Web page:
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Lamentations (Mentor Commentary | MC)

, 2008
ISBN: 9781845503635
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Print list price: $24.99
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The five chapters of Lamentations may be easily overlooked. Not only is the book brief, but it is also sandwiched between the two giants of Old Testament prophecy, Jeremiah and Ezekiel. Lamentations also deals with realities which we rather wish were not discussed—consequently it is little studied. However, although there much here to challenge faith, there is much that builds it up. Lamentations was not written in the first instance to serve as warning to others, or to even keep alive the present memory of past suffering. It is the present that dominates the thought of the book. And in that present are overriding thoughts—“Has God left us?” “Have we blown our chance as God’s covenant people?” “Is there a way forward towards the restoration?” John L. MacKay skillfully answers these questions and more.

The Mentor Commentary Series combines a high view of Scripture with access to the latest academic theological research. This unique combination allows the reader to see what recent scholarly research has discovered without losing sight of the inerrancy of Scripture. Uncover the meaning of Scripture, and clarify its relevance for your life today. Grasp the significance of the Bible for our times. And discover the richness of Scripture with detailed commentary, thorough exegesis, and probing questions on literary, interpretive, and contextual issues.

In the Logos edition, this valuable volume is enhanced by amazing functionality. Scripture citations link directly to English translations, and important terms link to dictionaries, encyclopedias, and a wealth of other resources in your digital library. Perform powerful searches to find exactly what you’re looking for. Take the discussion with you using tablet and mobile apps. With Logos Bible Software, the most efficient and comprehensive research tools are in one place, so you get the most out of your study.

Resource Experts
  • Provides exposition that builds the faith of the reader
  • Discusses how the book was first written as a way to keep alive the collective consciousness of the community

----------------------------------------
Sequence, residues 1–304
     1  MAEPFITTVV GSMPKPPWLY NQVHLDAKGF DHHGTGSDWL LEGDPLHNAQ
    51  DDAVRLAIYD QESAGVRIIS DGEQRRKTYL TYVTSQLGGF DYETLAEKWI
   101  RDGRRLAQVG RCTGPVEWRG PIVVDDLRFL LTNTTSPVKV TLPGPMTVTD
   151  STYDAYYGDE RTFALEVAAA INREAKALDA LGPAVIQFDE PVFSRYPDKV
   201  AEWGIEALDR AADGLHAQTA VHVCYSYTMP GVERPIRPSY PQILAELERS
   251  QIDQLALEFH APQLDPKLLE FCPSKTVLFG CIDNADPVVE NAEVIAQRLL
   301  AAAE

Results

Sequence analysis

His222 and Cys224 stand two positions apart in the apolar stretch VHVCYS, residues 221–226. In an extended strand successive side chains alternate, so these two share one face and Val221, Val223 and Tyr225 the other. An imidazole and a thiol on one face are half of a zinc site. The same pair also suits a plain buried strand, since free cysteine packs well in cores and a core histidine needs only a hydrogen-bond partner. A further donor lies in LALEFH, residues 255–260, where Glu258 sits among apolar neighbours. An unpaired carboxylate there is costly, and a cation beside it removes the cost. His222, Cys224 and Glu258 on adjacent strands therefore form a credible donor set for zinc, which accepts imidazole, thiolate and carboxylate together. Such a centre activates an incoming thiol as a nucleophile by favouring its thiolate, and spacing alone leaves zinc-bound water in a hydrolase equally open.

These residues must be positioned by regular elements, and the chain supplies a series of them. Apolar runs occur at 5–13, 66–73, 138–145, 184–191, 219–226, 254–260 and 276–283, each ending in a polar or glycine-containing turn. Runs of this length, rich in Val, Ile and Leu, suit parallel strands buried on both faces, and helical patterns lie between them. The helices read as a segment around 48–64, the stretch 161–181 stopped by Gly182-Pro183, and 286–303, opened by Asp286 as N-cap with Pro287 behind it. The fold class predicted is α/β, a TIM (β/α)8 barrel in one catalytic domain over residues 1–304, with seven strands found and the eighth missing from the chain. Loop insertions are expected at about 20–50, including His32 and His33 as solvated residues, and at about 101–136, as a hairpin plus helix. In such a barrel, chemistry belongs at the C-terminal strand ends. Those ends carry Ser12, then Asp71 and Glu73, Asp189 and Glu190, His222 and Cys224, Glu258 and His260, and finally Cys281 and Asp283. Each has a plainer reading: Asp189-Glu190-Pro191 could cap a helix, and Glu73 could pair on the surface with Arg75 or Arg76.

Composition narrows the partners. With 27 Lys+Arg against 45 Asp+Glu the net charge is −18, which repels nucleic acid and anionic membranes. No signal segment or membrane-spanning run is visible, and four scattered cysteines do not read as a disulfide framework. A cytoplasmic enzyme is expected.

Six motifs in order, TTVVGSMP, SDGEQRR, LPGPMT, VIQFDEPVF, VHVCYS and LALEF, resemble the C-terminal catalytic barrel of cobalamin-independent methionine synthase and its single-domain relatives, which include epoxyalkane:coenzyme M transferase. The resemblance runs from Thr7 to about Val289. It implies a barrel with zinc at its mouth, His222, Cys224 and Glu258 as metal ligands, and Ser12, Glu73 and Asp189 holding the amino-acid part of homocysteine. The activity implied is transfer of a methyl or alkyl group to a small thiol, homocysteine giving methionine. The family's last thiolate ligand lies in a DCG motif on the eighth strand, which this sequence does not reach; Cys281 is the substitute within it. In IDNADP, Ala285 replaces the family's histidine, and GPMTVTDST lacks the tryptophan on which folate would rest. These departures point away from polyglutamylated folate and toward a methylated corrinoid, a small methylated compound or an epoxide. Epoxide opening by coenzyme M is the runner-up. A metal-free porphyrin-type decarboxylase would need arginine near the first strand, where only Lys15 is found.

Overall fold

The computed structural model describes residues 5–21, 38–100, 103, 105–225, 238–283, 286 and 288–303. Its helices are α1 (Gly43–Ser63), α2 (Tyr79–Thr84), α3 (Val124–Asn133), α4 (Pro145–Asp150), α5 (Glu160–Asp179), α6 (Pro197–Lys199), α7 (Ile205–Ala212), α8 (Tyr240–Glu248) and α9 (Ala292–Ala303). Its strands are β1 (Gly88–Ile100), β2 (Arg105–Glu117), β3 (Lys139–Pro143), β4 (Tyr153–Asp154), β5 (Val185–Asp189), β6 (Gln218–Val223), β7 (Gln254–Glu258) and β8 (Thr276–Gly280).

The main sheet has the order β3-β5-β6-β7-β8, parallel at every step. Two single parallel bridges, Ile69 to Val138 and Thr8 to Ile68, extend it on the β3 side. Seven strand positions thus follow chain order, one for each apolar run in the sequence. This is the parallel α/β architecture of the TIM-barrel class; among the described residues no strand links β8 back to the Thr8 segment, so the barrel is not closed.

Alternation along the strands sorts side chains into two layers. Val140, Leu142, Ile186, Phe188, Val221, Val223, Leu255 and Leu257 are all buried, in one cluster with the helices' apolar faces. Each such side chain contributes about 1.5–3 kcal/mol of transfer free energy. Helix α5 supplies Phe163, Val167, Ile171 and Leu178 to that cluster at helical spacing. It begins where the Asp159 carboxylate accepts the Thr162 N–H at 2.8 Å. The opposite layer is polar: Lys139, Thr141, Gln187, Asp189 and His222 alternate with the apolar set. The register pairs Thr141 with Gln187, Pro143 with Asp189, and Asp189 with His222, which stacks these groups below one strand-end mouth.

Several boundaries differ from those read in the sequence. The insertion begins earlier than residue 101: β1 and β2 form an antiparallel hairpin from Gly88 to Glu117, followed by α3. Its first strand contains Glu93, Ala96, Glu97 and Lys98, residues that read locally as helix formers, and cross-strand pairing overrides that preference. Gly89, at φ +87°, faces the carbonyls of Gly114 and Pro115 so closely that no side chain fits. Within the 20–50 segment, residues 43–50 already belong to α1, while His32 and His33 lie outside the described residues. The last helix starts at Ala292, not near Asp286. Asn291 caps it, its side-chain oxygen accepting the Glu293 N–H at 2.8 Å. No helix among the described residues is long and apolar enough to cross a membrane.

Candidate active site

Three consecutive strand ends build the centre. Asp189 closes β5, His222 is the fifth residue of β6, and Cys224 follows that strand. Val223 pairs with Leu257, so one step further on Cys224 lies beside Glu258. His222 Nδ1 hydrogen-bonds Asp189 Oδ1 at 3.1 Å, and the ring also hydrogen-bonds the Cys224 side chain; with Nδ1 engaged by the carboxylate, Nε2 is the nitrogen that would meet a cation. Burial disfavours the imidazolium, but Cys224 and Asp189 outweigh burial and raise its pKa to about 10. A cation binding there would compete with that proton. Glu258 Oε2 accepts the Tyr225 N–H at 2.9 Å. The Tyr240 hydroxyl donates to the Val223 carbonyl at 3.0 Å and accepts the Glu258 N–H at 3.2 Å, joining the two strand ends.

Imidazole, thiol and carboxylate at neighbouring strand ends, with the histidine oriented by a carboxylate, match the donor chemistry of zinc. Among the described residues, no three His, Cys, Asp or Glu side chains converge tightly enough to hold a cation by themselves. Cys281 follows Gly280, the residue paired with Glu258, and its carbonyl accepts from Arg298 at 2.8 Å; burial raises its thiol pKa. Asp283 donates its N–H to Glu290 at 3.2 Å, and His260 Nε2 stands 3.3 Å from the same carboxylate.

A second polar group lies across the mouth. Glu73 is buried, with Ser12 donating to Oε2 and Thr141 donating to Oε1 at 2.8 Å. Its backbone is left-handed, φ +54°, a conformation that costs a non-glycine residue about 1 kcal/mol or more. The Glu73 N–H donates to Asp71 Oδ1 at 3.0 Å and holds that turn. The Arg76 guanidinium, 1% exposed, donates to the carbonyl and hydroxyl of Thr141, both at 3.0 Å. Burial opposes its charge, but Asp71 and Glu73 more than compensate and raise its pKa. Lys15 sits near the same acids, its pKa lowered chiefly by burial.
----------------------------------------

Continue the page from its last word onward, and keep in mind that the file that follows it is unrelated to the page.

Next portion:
• Examines these passages in a way that provides comfort in times of struggle
  • Chapter 1
    • Grief Observed
    • Grief Felt
  • Chapter 2
    • Under the Cloud of the Lord’s Anger
    • Distressed at Jerusalem’s Plight
    • Zion’s Plea
  • Chapter 3
    • The Agony of Suffering
    • Moving Out of Darkness
    • Self-Examination, Complaint and Grief
    • Prayer Based on Past Experience
  • Chapter 4
    • Zion’s Continuing Torment
    • Rejected by the Lord
    • Helpless Is Man’s Aid
    • The Destiny of Edom and Zion
  • Chapter 5
    • A Plea for Attention
    • Restore Us!

Top Highlights

“This image for enjoying a particularly close relationship with the Lord and depending on divine provision for survival became a metaphor for a truly God-centred life which was able to survive in times of difficulty and crisis (cf. Pss. 16:5; 73:26; 142:5).” (Page 142)

“The wrath of God is the inherent divine reaction to the presence of sin.” (Page 24)

“I without such an introduction would be heard as a continuation of the preceding speech of daughter Zion, whereas it is now a male figure who speaks and refers to himself as the man. This is not the ordinary term for a male (ʾîš) but a rarer word (geber) which describes a man at the peak of his physical power when he is most competent to direct and secure his affairs. Indeed, there are passages where the term is employed with positive, spiritual significance.” (Page 126)

“Here it is the covenant nation which is undergoing God’s chastisement. What is in view is the fate of the nation with privileged knowledge of, and access to, God. Since it has undervalued its special access to God and has thought little of its heritage, he has in retribution withdrawn those blessings from them.” (Page 28)

“What the poet does do—and invites us to participate in—is to feel along with her, and in an attitude of sympathy and love to see if anything can be done to relieve her distress by pointing out a way back to the enjoyment of a harmonious relationship with God.” (Page 23)

John MacKay’s Lamentations is a good commentary for preaching. MacKay is aware of the issues but does not get bogged down in technicalities. Lamentations often is neglected, so this will be helpful.

—2009 Preaching Survey of Bibles and Bible References

  • Title: Lamentations: Living in the Ruins
  • Author: John L. MacKay
  • Series: Mentor Commentaries
  • Publisher: Mentor
  • Print Publication Date: 2008
  • Logos Release Date: 2011
  • Pages: 240
  • Era: era:contemporary
  • Language: English
  • Resources: 1
  • Format: Digital › Logos Research Edition
  • Subject: Bible. O.T. Lamentations › Commentaries
  • ISBNs: 9781845503635, 1845503635
  • Resource ID: LLS:MENTRCOM25LA
  • Resource Type: Bible Commentary
  • Metadata Last Updated: 2024-03-12T23:09:12Z

John L. MacKay is internationally known as an Old Testament Scholar, and is in demand for church retreats where his skill in the practical exposition and application of doctrine are well respected. He is also the author of Haggai, Zechariah, & Malachi and Jonah, Micah, Nahum, Habakkuk, & Zephaniah in the Focus on the Bible Commentary.


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    Print list price: $24.99
    Save $5.00 (20%)